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r
_ I22 THE GERMAN CHANGELLQR.
V pressing enquiries made at Berlin and in
London by the British Ambassador and the
Secretary of State. Why did he act thus?
We may well believe that this was not
the desire of the Chancellor; the only ex-
planation of the omission is that his advice
was overborne by those elements in the
K _ German Government against which he defended ├źn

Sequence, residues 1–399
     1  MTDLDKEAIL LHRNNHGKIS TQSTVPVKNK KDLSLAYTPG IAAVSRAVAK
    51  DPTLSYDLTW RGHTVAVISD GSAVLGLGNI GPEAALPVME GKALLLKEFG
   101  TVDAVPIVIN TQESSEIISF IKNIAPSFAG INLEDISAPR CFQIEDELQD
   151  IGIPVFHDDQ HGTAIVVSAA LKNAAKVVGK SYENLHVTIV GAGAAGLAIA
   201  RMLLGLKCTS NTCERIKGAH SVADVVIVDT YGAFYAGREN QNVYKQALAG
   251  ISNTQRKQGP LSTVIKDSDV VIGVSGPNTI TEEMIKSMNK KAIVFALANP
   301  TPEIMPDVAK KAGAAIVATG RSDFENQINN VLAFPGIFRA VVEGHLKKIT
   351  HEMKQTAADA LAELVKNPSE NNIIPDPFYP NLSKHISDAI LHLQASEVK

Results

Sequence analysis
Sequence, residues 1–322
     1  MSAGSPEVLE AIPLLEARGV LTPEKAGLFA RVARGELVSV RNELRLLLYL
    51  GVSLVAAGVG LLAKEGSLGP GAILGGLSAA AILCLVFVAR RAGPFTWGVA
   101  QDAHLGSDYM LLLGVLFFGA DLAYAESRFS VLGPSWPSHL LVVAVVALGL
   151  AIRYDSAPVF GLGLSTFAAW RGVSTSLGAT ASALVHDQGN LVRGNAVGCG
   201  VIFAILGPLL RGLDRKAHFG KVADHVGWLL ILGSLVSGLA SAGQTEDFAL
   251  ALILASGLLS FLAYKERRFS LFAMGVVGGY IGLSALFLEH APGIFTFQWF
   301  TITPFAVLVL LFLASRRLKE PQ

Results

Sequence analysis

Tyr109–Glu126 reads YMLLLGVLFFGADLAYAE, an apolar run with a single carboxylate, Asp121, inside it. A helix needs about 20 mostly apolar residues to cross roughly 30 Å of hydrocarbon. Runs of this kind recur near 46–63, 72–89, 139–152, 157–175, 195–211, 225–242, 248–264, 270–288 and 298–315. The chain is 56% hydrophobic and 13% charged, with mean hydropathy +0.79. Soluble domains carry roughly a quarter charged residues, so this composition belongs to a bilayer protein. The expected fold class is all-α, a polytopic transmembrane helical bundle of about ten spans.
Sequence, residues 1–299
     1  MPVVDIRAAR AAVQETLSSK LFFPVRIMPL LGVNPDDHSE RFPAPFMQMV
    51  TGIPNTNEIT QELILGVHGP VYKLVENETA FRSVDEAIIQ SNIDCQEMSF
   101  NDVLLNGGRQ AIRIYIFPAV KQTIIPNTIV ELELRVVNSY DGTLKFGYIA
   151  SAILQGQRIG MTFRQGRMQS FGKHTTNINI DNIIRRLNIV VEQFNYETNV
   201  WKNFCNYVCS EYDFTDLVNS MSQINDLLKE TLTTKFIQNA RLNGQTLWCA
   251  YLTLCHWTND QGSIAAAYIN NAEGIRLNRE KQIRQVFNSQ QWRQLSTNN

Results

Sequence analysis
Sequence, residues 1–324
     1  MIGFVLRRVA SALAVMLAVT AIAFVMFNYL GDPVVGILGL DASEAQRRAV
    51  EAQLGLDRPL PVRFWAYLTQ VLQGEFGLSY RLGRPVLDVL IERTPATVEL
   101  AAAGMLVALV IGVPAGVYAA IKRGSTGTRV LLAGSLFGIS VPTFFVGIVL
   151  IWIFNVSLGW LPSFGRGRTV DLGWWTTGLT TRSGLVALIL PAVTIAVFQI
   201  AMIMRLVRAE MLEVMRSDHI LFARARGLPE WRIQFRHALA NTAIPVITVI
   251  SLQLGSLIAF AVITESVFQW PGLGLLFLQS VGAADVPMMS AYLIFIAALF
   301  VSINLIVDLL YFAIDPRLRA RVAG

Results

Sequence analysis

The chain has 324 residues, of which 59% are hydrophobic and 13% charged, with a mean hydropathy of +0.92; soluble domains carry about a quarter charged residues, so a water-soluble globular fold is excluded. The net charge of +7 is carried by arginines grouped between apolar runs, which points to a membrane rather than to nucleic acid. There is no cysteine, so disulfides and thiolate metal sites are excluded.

himself with such vigour in his speech of ig
August. It is not in London and St. Peters-
burg, but in Berlin, that are to be found those j
Y who defeated the efforts in favour of peace
that he began at the eleventh hour.